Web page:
Recognizing Risk Factors for Pneumonia
In addition to accurately diagnosing pneumonia, doctors, nurses, and medical staff must be acutely aware of factors that place patients at increased risk for contracting pneumonia. For example, it is easier to develop pneumonia when the immune system is weak, especially in hospitals or after a course of antibiotics when the bacteria become antibiotic-resistant. Those most susceptible to pneumonia include:
- Adults over 65
- Children under the age of 2
- Medical workers
- Individuals prone to alcohol abuse
- Obese individuals; and
- Those with underlying medical conditions like asthma, heart disease, diabetes, cancer, lung disease, autoimmune diseases, HIV and chronic respiratory ailments.
Proper Diagnosis and Treatment of Pneumonia is Essential
Since pneumonia often appears like other illnesses, accurate and timely diagnosis and treatment is crucial. To diagnose or rule out pneumonia, doctors often physically examine you by tapping your back and listening through a stethoscope for fluid, bubbling, rumbling, crackling or wheezing in the lungs. They may also take your temperature, heart rate, blood pressure and check your respiratory function. Important questions for diagnosis include how long you have had symptoms, since pneumonia has a 10-day incubation period; what kind of medicines you take; if you have underlying conditions that would weaken your immune system; and whether you had recent contact with sick people. The doctor may also order tests, such as chest x-rays, blood panels, bronchoscopy, CT scan or pulse oximetry (measuring oxygen in the blood). You might also take a sputum test to check your saliva for bacteria.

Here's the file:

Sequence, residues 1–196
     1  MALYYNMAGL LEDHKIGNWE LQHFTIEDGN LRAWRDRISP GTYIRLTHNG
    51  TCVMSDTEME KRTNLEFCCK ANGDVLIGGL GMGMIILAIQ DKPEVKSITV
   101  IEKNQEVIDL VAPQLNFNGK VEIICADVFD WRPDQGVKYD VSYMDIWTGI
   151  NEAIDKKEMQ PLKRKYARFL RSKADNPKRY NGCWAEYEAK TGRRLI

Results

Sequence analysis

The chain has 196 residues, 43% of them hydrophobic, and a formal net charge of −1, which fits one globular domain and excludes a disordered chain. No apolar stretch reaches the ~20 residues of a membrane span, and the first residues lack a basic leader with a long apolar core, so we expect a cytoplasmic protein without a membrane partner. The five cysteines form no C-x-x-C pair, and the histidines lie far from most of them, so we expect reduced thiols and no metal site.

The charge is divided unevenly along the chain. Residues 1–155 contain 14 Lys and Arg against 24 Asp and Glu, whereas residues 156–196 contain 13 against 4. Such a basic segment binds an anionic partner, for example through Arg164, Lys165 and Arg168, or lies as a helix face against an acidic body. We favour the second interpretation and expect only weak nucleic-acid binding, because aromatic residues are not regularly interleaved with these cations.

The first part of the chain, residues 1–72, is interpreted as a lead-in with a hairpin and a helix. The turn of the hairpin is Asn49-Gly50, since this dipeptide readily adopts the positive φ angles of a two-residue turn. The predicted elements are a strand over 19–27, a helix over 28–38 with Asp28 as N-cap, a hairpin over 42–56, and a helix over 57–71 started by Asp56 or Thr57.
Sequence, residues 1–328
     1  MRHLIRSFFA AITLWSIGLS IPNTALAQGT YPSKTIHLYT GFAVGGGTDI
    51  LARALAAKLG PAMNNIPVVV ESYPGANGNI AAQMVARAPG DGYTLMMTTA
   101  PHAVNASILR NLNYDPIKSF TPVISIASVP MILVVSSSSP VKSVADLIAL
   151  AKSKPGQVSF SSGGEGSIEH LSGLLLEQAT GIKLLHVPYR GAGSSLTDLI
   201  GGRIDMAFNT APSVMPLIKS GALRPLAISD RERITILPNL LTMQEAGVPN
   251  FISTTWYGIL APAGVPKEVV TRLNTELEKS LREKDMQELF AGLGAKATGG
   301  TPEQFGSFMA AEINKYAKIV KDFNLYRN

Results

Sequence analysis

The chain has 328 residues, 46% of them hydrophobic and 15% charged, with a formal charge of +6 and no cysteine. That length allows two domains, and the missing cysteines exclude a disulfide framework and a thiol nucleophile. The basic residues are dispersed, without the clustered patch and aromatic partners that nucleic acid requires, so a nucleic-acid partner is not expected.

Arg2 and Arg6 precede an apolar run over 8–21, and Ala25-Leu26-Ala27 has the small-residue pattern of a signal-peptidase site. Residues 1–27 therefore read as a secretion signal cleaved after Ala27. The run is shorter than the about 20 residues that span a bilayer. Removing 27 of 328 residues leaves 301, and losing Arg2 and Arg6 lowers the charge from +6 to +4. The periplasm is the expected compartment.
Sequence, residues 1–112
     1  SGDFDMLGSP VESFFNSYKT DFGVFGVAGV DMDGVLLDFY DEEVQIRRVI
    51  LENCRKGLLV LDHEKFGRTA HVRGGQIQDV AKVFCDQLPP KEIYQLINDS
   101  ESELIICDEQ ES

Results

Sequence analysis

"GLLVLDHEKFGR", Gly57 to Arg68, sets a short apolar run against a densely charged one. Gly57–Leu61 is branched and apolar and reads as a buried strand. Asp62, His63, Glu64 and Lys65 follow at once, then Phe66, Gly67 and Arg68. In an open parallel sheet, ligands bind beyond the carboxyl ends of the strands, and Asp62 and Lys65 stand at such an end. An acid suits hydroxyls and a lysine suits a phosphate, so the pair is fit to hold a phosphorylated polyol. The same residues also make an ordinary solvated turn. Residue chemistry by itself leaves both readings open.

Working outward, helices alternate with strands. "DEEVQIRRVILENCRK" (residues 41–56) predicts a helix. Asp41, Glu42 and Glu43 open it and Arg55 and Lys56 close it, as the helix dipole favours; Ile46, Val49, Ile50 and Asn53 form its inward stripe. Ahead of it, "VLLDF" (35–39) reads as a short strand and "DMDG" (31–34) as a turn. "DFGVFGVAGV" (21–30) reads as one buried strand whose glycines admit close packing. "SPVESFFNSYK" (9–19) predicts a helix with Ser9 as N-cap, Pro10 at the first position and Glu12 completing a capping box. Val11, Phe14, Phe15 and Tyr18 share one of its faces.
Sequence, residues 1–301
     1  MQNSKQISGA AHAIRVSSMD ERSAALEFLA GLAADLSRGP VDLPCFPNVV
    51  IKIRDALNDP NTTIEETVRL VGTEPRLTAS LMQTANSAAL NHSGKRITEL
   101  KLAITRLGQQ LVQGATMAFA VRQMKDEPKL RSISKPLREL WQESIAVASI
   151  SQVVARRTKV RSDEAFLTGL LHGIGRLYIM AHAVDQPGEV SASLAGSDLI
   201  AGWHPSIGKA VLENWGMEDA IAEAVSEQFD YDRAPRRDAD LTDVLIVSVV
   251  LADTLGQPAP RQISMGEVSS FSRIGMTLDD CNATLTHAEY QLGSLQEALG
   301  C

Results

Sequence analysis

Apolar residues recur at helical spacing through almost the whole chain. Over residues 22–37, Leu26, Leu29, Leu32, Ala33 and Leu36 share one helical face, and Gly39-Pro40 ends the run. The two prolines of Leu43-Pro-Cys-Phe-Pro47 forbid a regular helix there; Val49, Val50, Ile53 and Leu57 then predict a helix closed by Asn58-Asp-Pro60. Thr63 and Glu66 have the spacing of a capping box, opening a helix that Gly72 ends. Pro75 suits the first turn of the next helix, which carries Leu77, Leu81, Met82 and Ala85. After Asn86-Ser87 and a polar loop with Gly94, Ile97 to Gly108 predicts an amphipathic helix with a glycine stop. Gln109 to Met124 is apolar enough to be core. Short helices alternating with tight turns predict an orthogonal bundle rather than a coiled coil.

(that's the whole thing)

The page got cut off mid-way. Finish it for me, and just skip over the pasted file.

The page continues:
If your doctor diagnoses pneumonia, they commonly prescribe antibiotics. There are no medications for viral pneumonia, but antivirals may shorten the length of recovery. Bacterial or fungal pneumonia is treated with antibiotics targeting the specific bacterium or bacteria that caused the infection. Patients over 65 or patients with chest pain, difficulty breathing, low blood pressure, confusion, rapid breathing or chronic lung disease may require hospitalization. Children may respond well to medications like Tylenol, an inhaler or nebulizer for at home treatments, or respirators, IVs, antibiotics and oxygen at the hospital. How a patient fares with pneumonia depends on the type of pneumonia, the health of the patient prior to contracting the illness, age, severity of the illness, and underlying chronic conditions. Identifying pneumonia as soon as possible and initiating medical intervention can be highly beneficial when seeking to eradicate the illness and prevent further complications or disease progression.
At risk patients are more likely to suffer pneumonia complications, such as blood infections, kidney failure, heart failure, respiratory failure, fluid buildup in the lungs, or lung abscess. In addition, individuals with untreated pneumonia are at greater risk for the bacteria spreading and poisoning the bloodstream, breathing difficulties which may require breathing machines, infected fluid around the lungs and lung abscesses, which are pus pockets in or around the lung. Regardless of the situation, pneumonia complications are serious and undiagnosed or untreated infections can be fatal.
Victim of Pneumonia Malpractice in NJ, What can I do?
If you suffered complications or further harm after a doctor misdiagnosed, failed to treat, or mishandled pneumonia, you may be entitled to compensation. New Jersey provides legal recourse for victims of medical malpractice, many of whom pursue claims arising from wrong or late diagnosis of a condition or illness. To discuss your unique situation and learn more about filing a lawsuit for medical malpractice involving pneumonia, contact our team of attorneys today at 973-435-4551. A medical malpractice lawyer can prove invaluable when you want to understand and assert your rights.
- Bronchopneumonia: Symptoms, Risk Factors, and Treatment, Healthline
- Pneumonia, Johns Hopkins Medicine
- Is Pneumonia Contagious?, Western Maryland Health System (WMHS)